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Downtown Ottawa Transit Tunnel (DOTT) Planning and Environmental Assessment (EA) Study: Strengthening Transit and Land Use Integration in the National Capital


The Downtown Ottawa Transit Tunnel (DOTT) Planning and Environmental Assessment (EA) study was conducted by Delcan Corporation for the City of Ottawa. This Light Rail Transit (LRT) project includes thirteen stations along a 12.5 km alignment, with a 3.2 km tunnel beneath the downtown core. The project is now into the preliminary engineering phase, with revenue operation beginning in 2018. The current capital cost estimate for the project is $2.1 billion. In 2008, the City of Ottawa approved an update to its Transportation Master Plan (TMP), a key City document supporting the City’s growth management strategy and Official Plan. The cornerstone and first phase of the TMP is the DOTT project, which will see construction of a transit tunnel beneath the downtown core and the conversion of a portion of the existing Bus Rapid Transit network (The Transitway) to electric LRT. The result will be an increase in the speed and reliability of rapid transit, thereby encouraging additional ridership, reducing reliance on private automobile use, and creating opportunities for integration of redevelopment/intensification opportunities at station locations. From a land use integration perspective, the DOTT project represents a unique opportunity to strengthen the land use/transit relationship in our nation’s capital. While the majority of the length of the alignment represents a conversion from one transit technology to another, implementation of LRT presented an opportunity to re-consider the location and configuration of existing stations to provide for better integration with existing and future development. The downtown transit tunnel provides a major opportunity for a new rapid transit alignment connecting major destinations, integrating into the existing at-grade pedestrian, cycling and transit systems. The study addressed alternative alignments, station locations and designs. Planning objectives and design criteria were established in collaboration with government agencies, business interests and the public to guide the development, design and evaluation of alternatives. Key considerations in assessing alternative alignments, station locations and designs included integration with existing and potential high density employment, residential and institutional land uses. The DOTT project will enhance the character, identity and vibrancy of Ottawa’s downtown core, and is the centerpiece of a future LRT network that will span the urbanized areas of the City. Similar approaches to transit station and land use integration are being undertaken as part of the Planning and Environmental Assessment Study for the next phase of Ottawa’s LRT network.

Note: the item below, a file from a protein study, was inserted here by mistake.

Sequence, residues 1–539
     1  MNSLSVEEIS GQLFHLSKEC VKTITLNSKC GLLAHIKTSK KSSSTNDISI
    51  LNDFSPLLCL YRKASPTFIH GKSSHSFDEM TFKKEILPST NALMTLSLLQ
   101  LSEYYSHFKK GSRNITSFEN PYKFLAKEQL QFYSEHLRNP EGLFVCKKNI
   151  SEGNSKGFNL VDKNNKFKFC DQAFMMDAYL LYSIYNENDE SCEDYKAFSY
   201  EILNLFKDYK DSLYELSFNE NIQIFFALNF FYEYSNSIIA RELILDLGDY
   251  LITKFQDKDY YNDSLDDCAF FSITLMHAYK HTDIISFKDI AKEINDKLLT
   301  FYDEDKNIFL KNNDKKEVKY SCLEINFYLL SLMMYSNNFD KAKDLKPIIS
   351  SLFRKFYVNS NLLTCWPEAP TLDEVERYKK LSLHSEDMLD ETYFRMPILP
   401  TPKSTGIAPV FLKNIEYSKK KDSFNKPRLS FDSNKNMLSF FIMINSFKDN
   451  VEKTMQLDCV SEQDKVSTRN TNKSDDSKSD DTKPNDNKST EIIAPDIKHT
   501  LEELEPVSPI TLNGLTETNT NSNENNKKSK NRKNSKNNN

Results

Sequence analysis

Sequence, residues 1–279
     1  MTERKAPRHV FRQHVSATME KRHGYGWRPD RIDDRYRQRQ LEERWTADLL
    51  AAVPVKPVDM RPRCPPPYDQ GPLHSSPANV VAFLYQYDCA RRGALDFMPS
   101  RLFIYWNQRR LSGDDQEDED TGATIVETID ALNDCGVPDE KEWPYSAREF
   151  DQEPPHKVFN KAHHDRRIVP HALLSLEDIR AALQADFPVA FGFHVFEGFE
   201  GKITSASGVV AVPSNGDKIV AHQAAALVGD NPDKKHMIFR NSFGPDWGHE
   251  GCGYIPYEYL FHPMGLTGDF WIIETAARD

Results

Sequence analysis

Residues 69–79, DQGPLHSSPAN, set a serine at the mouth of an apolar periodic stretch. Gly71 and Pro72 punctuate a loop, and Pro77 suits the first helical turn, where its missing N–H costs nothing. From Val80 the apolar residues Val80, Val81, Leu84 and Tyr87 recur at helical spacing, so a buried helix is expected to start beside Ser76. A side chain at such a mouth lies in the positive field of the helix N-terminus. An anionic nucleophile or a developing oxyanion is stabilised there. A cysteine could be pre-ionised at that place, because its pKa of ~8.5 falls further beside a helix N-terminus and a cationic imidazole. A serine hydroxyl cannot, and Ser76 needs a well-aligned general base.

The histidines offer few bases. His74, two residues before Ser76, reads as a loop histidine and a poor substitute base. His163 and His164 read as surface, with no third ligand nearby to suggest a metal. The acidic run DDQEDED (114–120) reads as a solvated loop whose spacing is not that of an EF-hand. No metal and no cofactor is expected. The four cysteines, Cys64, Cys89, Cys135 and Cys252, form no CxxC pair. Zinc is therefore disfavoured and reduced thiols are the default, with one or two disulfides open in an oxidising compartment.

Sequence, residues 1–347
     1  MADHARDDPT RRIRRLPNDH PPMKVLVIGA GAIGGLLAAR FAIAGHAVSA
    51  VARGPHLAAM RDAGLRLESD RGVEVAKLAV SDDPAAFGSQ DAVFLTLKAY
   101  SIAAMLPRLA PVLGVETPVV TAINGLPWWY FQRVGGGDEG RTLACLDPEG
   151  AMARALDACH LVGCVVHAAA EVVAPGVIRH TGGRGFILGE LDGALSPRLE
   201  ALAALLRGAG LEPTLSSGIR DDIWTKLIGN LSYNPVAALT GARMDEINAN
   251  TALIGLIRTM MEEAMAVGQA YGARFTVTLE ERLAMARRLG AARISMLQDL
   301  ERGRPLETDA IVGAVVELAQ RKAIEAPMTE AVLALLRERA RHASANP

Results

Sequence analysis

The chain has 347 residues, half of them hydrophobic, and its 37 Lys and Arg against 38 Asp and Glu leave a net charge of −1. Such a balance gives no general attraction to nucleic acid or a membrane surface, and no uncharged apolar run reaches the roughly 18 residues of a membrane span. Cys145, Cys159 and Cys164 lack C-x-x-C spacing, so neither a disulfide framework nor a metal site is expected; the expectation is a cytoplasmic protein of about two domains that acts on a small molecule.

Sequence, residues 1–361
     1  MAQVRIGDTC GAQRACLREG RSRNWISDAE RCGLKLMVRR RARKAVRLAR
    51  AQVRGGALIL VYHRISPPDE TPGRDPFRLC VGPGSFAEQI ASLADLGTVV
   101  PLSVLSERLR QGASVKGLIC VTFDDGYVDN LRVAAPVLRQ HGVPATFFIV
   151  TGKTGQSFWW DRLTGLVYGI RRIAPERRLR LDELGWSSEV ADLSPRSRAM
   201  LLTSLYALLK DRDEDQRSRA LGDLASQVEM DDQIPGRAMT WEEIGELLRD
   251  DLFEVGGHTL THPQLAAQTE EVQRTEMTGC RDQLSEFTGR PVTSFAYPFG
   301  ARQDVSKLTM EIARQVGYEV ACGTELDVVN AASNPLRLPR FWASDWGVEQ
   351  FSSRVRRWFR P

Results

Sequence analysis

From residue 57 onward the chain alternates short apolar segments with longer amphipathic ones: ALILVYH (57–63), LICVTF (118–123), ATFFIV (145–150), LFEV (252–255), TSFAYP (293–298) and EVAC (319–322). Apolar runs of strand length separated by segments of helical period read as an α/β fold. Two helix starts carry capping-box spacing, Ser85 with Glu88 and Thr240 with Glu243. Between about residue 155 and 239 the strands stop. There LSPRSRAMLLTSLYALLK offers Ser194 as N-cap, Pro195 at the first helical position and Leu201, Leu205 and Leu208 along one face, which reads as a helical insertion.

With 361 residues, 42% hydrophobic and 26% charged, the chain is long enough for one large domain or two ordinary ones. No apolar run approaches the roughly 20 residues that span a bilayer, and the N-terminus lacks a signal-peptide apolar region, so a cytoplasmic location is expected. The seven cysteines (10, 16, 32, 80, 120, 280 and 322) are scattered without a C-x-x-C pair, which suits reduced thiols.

Conference Paper Details

Session title:
B. Paul Croft
Active transportation, Environmental issues, Environmental legislation, Mobility management